These kids make bad decisions. Many of you likely feel the impulse to stay together when separated by such a great distance is a bad decision, but it’s a choice made in earnest– life pulls you apart, but you don’t want to just give up when you love someone, so you give it a shot. I’ve given in a shot three times in my life; each one lasted longer than the previous, but in the end, all three failed because of the difficulties that emerge from the basic evolution of a human being over time. If you can’t deal well with the progressions that your partner has gone through while apart, you won’t last, and it’s challenging for both parties to emerge from those separate evolutions re-joining together unscathed. Jacob visits Anna in England and sees that Anna has fun going out to pubs with her girlfriends, and he feels left out– he doesn’t resent that she’s having a good time, it’s just a foreign idea when in love for the first time that your partner can have SO much fun without you present. Anna has an attractive man living in her apartment whom she is friendly with, and again, it plants a seed of insecurity within Jacob. These observations are executed softly and accurately by Doremus and company.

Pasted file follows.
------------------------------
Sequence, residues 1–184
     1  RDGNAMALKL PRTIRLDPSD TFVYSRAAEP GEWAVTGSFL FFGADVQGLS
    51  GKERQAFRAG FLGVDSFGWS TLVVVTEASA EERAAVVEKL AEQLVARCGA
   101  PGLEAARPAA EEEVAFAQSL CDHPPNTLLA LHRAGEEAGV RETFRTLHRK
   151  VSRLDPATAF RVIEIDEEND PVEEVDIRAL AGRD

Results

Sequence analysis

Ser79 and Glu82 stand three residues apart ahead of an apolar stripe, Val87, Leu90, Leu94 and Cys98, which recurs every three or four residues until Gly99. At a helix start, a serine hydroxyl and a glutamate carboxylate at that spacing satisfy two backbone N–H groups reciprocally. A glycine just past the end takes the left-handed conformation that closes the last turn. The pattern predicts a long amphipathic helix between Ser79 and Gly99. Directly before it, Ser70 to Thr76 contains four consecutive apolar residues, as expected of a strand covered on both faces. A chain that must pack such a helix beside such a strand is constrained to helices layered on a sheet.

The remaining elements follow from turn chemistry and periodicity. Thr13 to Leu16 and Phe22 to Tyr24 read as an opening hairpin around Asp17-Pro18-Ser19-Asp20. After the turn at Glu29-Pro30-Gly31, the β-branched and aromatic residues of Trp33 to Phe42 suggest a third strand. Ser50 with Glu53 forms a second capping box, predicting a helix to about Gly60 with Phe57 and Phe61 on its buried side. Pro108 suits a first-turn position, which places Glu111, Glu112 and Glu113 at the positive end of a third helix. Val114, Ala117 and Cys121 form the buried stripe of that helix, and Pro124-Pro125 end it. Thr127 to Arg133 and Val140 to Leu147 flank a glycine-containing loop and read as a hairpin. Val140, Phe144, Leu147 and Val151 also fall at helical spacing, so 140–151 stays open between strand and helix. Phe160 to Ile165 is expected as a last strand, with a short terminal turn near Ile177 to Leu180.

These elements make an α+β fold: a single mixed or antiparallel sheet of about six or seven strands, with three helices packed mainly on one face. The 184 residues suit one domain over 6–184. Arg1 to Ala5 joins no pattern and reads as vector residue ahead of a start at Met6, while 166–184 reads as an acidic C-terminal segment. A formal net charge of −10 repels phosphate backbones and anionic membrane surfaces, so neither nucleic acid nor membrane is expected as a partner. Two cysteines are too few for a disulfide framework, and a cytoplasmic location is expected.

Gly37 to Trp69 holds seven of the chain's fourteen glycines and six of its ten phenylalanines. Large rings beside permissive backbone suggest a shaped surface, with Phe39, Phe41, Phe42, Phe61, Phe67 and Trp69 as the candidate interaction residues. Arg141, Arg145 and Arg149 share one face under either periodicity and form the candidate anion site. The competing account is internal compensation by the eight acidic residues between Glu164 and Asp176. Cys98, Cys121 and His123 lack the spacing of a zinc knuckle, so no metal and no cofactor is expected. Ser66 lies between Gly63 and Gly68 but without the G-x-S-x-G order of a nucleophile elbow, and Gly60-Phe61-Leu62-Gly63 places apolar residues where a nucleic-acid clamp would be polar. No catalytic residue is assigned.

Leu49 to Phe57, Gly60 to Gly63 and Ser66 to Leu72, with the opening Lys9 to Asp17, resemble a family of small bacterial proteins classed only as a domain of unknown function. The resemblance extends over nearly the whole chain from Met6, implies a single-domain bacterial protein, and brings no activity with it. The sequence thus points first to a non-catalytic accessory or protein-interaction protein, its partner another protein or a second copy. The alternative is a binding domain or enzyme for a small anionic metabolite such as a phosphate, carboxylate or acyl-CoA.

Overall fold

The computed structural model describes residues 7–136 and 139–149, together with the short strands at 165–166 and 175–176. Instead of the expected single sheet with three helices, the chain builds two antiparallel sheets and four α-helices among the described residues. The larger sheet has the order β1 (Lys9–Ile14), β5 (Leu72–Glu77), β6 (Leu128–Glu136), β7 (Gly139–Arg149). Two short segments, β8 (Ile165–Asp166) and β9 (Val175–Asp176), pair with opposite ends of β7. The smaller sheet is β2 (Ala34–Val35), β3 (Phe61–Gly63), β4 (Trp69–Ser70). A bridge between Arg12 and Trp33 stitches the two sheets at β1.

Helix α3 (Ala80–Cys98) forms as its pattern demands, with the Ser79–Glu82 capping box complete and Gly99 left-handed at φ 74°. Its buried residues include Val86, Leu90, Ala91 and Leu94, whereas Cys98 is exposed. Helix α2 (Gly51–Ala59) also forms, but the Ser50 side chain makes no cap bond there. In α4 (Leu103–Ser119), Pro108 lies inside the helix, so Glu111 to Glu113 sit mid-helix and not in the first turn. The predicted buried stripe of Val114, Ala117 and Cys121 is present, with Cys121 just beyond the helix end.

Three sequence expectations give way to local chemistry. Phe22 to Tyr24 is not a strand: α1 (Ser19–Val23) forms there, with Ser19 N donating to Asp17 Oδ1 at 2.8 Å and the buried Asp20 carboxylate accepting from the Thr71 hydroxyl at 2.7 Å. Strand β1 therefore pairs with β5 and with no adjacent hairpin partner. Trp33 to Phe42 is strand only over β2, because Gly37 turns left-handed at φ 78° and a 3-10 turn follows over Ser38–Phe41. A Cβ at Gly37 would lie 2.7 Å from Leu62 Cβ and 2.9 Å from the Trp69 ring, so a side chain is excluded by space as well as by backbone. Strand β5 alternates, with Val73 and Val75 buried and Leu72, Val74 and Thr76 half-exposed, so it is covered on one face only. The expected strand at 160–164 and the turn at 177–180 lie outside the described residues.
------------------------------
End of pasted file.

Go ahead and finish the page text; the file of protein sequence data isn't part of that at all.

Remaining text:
The dialogue, which I understand was mostly improvised, isn’t very distinct, but Doremus uses imagery to tell the story. Between montages and silent scenes, the pictures tell the story better than the words. Doremus also stages his scenes to create a visual key of separation– the first date Jacob and Anna go on ends with them touching hands on the opposite sides of a glass door. One wonders if the movie would have worked even better with less dialogue, a contemporary silent film depiction of naive young love. Yelchin and Jones are charming enough, especially Jones as that impulsive artsy girl that everyone seemed to fall in love with in college. Jennifer Lawrence is also affecting as Sam, Jacob’s stateside lover, though it did cross my mind multiple times that the two actresses were improbably good-looking for Yelchin, whose character doesn’t seem to have the magnetism necessary to convince me that two gorgeous young women would toss themselves so completely at his feet.